The Unlived Life

“Nothing has a stronger influence on their environment and especially on their children than the unlived life of the parent.”

— Carl Jung

I have a collection of little pieces of paper torn from mostly newsletters that display inspirational quotes. With the demise of the paper newsletter my collection has grown little in a decade. Some of these quotes end up in view and others are tossed into drawers or mark books. Every now and then one of them will emerge from a pile of ephemera and stay visible for months. The quote above from Carl Jung, the founder of archetypal psychology was on my desk at work. I saw it there for a number of months and then a few days ago for no particular reason I read it again and it began to sink in.

As a psychotherapist in practice for over thirty years I have spent thousands of hours listening to people’s stories. Part of my job is to help people understand their own narrative especially how the past sometimes cast its shadow over the present. Every story is different and all stories are in some ways the same. Suffering is not unique. We all suffer. Pain is pain. What we do about it is what is exciting. The courage and creativity we muster is the shining part of any tale we tell.

An occupational hazard is that the shiny parts of the story are surrounded by the commonplace suffering that can frankly be boring particularly when it is repeated. And it is repeated and repeated. The effect on me for years has been drowsiness.

I know from conversations with colleagues that I am not unique in this experience. I know from being on the client side of therapy that I have put to sleep some of the best therapists in the country.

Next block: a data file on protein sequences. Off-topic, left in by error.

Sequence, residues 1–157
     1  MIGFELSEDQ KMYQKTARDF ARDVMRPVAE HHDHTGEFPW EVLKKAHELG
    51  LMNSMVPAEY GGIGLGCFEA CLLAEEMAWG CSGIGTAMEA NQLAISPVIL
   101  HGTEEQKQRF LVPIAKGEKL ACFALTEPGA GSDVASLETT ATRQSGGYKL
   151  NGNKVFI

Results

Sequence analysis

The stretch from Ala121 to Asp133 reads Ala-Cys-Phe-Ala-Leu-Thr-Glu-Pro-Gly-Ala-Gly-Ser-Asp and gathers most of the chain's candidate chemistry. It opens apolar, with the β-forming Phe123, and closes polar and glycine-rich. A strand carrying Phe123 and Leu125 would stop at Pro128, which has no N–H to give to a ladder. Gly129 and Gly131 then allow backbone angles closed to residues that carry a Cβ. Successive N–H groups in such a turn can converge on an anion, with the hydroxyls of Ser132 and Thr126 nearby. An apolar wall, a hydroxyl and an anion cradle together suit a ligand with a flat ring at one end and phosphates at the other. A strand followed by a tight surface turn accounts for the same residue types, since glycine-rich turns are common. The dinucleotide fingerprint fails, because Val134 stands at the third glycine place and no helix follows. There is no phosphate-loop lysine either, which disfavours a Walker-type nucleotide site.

Jung’s quote on the unlived life is helpful in understanding my heavy eyelids. I have often thought that when I start to drift that there is perhaps more going on under the surface than above. The client may be unaware of this and probably is. She or he is talking about something they consider important. It just has no energy. Their words seem like the tip of an iceberg. The bigger part of what is going on is submerged. This is the power of the unconscious mind. It is there but we are of course, unconscious of it. Jung and his frenemy Freud were among the first to point this out.

One of the tasks of the psychotherapists is to help make the unconscious conscious. It is hoped that by this insight our clients can become more centered in the present and make better choices in the here and now. Psychotherapy often explores the details of growing up with the interest of an archeologist who searches for clues among the ruins of an ancient civilization. We dig and sift and every now in then find an old bone or pottery shard that may be a piece of the puzzle. Psychotherapy also relies at times on the interpretation of dreams, a sketchy science at best. The art of interpreting dreams is not unlike the art of reading tea leaves or tarot cards. Intuitive breakthroughs are possible though not predictable. Jung’s theory of synchronicity is at play here but that’s a subject for another day.

Let’s return to our well intentioned but sleepy therapist and our well intentioned but droning client. What is not being talked about or understood is the unlived life.

Talking about nothing is a contradiction in terms. Even at our most boring we are talking about something albeit of little significance to anyone but us. How do we talk about the unlived life? Our parents’ unlived lives hold the key.